Seeking and travelling deeper

Climate change crisis and international travel: Travel thoughtfully and meaningfully

The climate change crisis that we face is an issue that we at Nomadic Skies are acutely aware of. We don't believe that we should stop international travel - but we believe that we need to travel less often and more meaningfully. There are many areas of the world, particularly rural and remote areas, where tourism is a lifeline for fragile communities. Stopping international travel will have a huge detrimental impact on many communities but we do need to consider carefully how we travel and potentially how often we travel.

At Nomadic Skies, we believe it is essential that when we travel to remote locations that our journeys have a positive economic and social impact on remote people and communities.

Some people are choosing to travel less often but for longer as a response to climate change. All our journeys start and end at the point of arrival in country (Kathmandu, Yerevan or Entebbe) and clients can arrive earlier or stay longer if you would like to make this part of a longer journey. we are happy to advise on local contacts and suggestions for travel to make this possible.

What We are

  • Off the beaten track
  • Limited number of destinations
  • Founded on ethical principles
  • In-partnership with remote communities
  • sharing experience with our hosts
  • Supporting cultural preservation
  • Supporting sustainable livelihoods
  • Environmentally conscious

What our expeditions are:

  • Small number of unique trips per year
  • Small group
  • Led by development and local experts
  • Exploring with local guides
  • Travelling deeper within communities

What We Are Not

  • Mainstream destinations
  • Multi-destination
  • Paying lip service to ethics
  • Treating communities as ‘visitor attractions’
  • Voyeuristic on remote people
  • Undermining local culture
  • Using exploitative labour at the lowest costs
  • Environmentally damaging

What our Journeys are not:

  • High volume of clients and trips
  • Large groups
  • Led by tourist guides
  • Ignoring local wisdom
  • Passing through and by local communities
Client Testimonials

It is as if we were part of a BBC documentary on the indigenous people of Dolpo. An amazing experience.

Jeanette Arnott

It is as if we were part of a BBC documentary on the indigenous people of Dolpo. An amazing experience.

Jeanette Arnott

It is as if we were part of a BBC documentary on the indigenous people of Dolpo. An amazing experience.

Jeanette Arnott

Cultural Preservation

Reinforcing the benefit of maintaining unique and distinct cultures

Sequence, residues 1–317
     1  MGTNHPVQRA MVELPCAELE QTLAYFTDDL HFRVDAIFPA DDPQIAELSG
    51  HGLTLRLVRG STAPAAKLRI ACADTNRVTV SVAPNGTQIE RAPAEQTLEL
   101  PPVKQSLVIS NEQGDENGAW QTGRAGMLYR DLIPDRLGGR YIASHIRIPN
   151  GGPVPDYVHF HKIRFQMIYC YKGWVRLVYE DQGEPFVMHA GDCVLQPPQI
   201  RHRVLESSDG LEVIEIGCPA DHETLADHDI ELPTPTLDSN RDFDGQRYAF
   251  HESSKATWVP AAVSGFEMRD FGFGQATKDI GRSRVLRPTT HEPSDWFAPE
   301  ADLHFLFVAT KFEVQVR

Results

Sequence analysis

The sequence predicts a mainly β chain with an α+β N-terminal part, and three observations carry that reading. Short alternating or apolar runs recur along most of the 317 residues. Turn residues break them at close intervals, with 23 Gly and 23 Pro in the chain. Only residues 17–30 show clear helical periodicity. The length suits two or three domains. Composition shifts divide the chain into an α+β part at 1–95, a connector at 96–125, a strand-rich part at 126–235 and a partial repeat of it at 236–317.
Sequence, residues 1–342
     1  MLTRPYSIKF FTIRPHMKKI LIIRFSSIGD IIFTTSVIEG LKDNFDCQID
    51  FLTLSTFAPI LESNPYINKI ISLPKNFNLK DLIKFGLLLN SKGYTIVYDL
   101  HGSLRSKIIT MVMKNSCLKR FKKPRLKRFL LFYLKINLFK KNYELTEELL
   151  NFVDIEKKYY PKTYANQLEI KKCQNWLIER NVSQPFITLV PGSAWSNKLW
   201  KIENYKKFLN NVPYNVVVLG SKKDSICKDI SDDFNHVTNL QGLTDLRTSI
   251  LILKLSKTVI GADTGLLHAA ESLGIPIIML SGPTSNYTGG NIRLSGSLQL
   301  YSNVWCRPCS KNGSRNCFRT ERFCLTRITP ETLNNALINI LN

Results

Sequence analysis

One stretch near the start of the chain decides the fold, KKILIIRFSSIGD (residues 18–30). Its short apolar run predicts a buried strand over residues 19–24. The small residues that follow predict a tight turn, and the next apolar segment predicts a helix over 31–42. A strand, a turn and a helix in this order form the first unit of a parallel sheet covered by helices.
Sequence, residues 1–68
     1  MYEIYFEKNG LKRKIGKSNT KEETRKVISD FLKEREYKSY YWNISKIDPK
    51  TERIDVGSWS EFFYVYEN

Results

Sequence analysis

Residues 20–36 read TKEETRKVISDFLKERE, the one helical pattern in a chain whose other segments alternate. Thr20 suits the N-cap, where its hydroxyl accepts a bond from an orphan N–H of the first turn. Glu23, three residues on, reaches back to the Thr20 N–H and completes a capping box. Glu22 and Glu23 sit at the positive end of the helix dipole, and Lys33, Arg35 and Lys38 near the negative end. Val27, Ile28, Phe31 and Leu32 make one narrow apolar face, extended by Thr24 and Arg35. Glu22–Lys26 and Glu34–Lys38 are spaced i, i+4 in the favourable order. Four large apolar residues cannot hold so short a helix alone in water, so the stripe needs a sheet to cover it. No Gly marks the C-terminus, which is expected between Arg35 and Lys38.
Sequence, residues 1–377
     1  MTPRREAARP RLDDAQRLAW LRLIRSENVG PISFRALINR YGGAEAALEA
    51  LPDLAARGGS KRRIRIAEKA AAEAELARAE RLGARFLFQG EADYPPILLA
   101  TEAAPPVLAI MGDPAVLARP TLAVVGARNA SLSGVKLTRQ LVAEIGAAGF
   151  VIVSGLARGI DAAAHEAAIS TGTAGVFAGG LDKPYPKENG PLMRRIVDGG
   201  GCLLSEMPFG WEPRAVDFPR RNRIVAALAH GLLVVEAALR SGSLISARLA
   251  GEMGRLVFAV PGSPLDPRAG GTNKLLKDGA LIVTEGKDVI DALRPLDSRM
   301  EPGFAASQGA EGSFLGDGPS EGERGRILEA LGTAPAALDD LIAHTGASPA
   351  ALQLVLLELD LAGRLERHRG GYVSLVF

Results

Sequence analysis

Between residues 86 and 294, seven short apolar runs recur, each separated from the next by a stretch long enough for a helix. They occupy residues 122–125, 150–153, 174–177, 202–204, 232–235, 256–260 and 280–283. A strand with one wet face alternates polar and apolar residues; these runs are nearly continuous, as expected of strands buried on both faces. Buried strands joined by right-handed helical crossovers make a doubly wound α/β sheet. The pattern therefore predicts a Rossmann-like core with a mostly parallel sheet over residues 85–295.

Remote cultures are unique and precious with unique customs, beliefs, music and built structures. We aim for our journeys to assist remote communities to understand and recogonise the value of their own culture, particularly for younger people who can sometimes beleive that western and urban cultures are more attractive. By making the link between vibrant and unique cultures and the economic benefit from culturally sensitive and engaged travel, Nomadic Skies aims to highlight that cultural preservation is a major potential benefit to remote cultures and what helps them to stand out from other locations.

Rural economic development

Contributing to diversification of incomes in remote locations

Tourism is an important potential source of additional income to remote communities many of whom are facing economic change, depopulation and impacts from climate change. The danger of trekking is that the employment and income generation is created before the trek starts with guides and support staff brought in. Treks to remote areas also often bring in all their own food and equipment and benefits to mountain communities are minimal. In Nomadic Skies we endeavour to involve mountain communities in our tours, using locals as guides and buying local wherever possible. We also believe in taking people off the beaten path to villages that have seldom had tourism before, assisting them to recognise the tourism potential of their villages and areas.

Environmental Protection

Valuing remote environments

Our journeys take us into remote and environmentally fragile environments. We have a policy to not only minimise our envirinmental impact but wherever possible support environmental protection. In Armenia we are collaborating with the World Wildlife Fund to pioneer walking with community rangers that will reinforce the connection between preserving the habitat of the rare Caucasian Leopard and local economic benefits from Eco tourism. In Nepal and Uganda we are discussing environmental protection wth local communities and village leaders to highlight the relationship between environmental protection, the local environment and potential for tourism development. Our background in professional rural development gives us a unique opportunity to reinforce the value of environmental protection in remote and fragile areas.

NOMADIC SKIES